Tommy's PregnancyHub

Forceps or vacuum delivery (assisted birth)

An assisted vaginal birth is where the doctor uses special instruments to help deliver the baby during the last stage of labour.

Why might I need help to delivery my baby?

There are several reasons you may need help, including if:

  • your baby is not moving out of the birth canal as expected
  • there are concerns about your baby’s wellbeing
  • you can’t, or have been advised not to, push during birth.

The purpose of an assisted birth is to mimic a normal birth with minimum risk. Forceps or ventouse will only be used if they are the safest way to give birth for you and your baby.

How common is an assisted birth?

Assisted birth is quite common, although you’re much less likely to need help if you’ve had a vaginal birth before.

Will I be asked for consent?

Yes. Your doctor or midwife will ask for your permission to use forceps or ventouse to help deliver your baby. They will also explain:

  • why they think you need an assisted birth
  • what instrument they want to use
  • the potential risks to you and your baby.

After your baby is born, you should also have a chance to talk to your doctor or midwife about why you needed an assisted birth.

Can I avoid an assisted birth?

Women who have someone supporting them during labour are less likely to need an assisted birth, particularly if the support comes from someone you know (a birth partner as well as a midwife.

Using upright positions or lying on your side and not having an epidural may also help. Find out more about movement and positions during labour.

If this is your first baby and you have an epidural, you may be able to reduce the need for an assisted birth by waiting until you have a strong urge to push or by delaying when you start pushing. The length of time that you delay pushing will depend on your individual situation and your wishes but is usually 1–2 hours after the cervix (neck of your womb) is fully open. Starting a hormone drip may also reduce the need for an assisted birth.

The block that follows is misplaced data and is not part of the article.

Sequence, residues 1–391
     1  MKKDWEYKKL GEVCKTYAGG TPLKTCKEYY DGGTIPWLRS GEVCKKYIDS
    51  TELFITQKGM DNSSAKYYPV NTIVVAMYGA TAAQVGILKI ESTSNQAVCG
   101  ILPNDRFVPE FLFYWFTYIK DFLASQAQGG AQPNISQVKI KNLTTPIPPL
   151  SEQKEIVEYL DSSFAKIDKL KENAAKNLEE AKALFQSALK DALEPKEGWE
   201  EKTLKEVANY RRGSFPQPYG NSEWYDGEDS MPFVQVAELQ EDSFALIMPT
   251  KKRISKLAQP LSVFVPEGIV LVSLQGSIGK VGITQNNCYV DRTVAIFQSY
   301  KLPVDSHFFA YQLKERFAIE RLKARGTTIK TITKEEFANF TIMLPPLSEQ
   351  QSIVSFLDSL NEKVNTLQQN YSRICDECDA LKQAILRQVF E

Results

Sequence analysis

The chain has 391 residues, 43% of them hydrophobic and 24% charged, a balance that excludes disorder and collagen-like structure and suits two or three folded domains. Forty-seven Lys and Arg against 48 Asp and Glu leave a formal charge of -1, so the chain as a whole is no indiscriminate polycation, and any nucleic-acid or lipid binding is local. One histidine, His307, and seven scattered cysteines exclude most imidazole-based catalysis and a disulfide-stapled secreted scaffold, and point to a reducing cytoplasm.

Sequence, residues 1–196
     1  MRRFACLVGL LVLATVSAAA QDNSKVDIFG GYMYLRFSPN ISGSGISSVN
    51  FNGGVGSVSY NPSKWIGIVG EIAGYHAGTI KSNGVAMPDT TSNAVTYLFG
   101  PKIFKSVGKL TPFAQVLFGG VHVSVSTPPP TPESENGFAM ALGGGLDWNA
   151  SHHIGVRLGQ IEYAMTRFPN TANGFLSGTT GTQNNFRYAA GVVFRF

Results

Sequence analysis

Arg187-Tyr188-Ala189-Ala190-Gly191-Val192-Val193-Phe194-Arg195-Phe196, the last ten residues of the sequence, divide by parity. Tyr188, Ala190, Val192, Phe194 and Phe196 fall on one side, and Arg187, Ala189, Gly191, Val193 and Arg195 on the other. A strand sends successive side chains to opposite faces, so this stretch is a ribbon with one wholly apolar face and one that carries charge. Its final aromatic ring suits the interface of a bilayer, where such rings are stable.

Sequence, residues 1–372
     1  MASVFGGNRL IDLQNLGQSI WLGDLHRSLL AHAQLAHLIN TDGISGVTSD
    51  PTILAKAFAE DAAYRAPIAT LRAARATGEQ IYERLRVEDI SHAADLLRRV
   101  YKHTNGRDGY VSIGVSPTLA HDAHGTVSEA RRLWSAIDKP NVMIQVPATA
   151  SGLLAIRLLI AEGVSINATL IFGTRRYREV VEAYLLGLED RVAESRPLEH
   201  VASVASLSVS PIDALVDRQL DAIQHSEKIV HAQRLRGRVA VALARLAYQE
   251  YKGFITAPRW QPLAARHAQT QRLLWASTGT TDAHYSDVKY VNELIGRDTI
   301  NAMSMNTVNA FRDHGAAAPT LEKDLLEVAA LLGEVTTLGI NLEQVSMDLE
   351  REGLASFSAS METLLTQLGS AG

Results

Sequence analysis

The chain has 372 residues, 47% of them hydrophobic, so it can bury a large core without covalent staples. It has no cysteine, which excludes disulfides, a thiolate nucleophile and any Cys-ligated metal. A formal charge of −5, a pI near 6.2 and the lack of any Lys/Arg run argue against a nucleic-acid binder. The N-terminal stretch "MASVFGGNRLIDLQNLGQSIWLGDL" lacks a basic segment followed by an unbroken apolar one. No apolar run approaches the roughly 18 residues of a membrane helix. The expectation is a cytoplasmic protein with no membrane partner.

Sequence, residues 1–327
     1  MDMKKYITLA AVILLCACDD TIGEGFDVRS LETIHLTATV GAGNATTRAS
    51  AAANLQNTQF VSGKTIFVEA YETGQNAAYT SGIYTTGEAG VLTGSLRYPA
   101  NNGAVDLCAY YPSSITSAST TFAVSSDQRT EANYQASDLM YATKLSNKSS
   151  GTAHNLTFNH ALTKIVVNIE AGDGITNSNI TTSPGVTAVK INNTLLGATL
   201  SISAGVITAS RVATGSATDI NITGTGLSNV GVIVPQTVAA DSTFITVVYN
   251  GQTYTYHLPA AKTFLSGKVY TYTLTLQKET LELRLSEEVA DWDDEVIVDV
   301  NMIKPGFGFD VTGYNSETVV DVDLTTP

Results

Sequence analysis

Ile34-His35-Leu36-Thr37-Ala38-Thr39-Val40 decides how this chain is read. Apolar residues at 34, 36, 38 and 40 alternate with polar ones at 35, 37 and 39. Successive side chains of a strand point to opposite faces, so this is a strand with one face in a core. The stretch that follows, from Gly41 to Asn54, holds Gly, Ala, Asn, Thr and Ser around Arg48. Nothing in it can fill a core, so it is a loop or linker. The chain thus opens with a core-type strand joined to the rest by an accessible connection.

Try not to worry too much about this and how to do it. You can talk to your midwife about how to avoid an assisted birth before labour and a professional will be there to help you on the day.

What is a ventouse birth?

A ventouse (vacuum extractor) uses suction to attach a soft or hard plastic or metal cup on to your baby’s head. The doctor will wait until you are having a contraction and then ask you to push while they gently pull to help deliver your baby. They may need to pull more than once.

What is a forceps birth?

Forceps are smooth metal instruments that look like large spoons or tongs. They are curved to fit around your baby’s head. The doctor will carefully put them around your baby’s head, wait until you have a contraction and then ask you to push while they gently pull to help deliver your baby. They may need to pull more than once.

Which instrument will be used?

Ventouse and forceps are both safe and effective. Your doctor will choose the type of instrument most suitable for you, your baby and your situation.

There are many different types of ventouse and forceps, some of which are specifically designed to turn the baby around, if needed. Forceps are more successful in delivering the baby, but a ventouse is less likely to cause vaginal tearing.

The ventouse is not suitable if you are less than 34 weeks pregnant as the baby’s head is softer, which can increase the risk of bruising, brain haemorrhage and jaundice.

What happens during a forceps or ventouse assisted birth?

Your doctor will examine your stomach and do an internal examination to confirm that an assisted delivery is best for you. Your bladder will be emptied by passing a small tube (catheter) into it.

They may use a local anaesthetic injection inside the vagina (pudendal block) or a regional anaesthetic injection given into the space around the nerves in your back (an epidural) to block any pain.

If your baby’s head needs turning, you’ll probably be advised to have an epidural for pain relief during the birth.

Are assisted births always successful?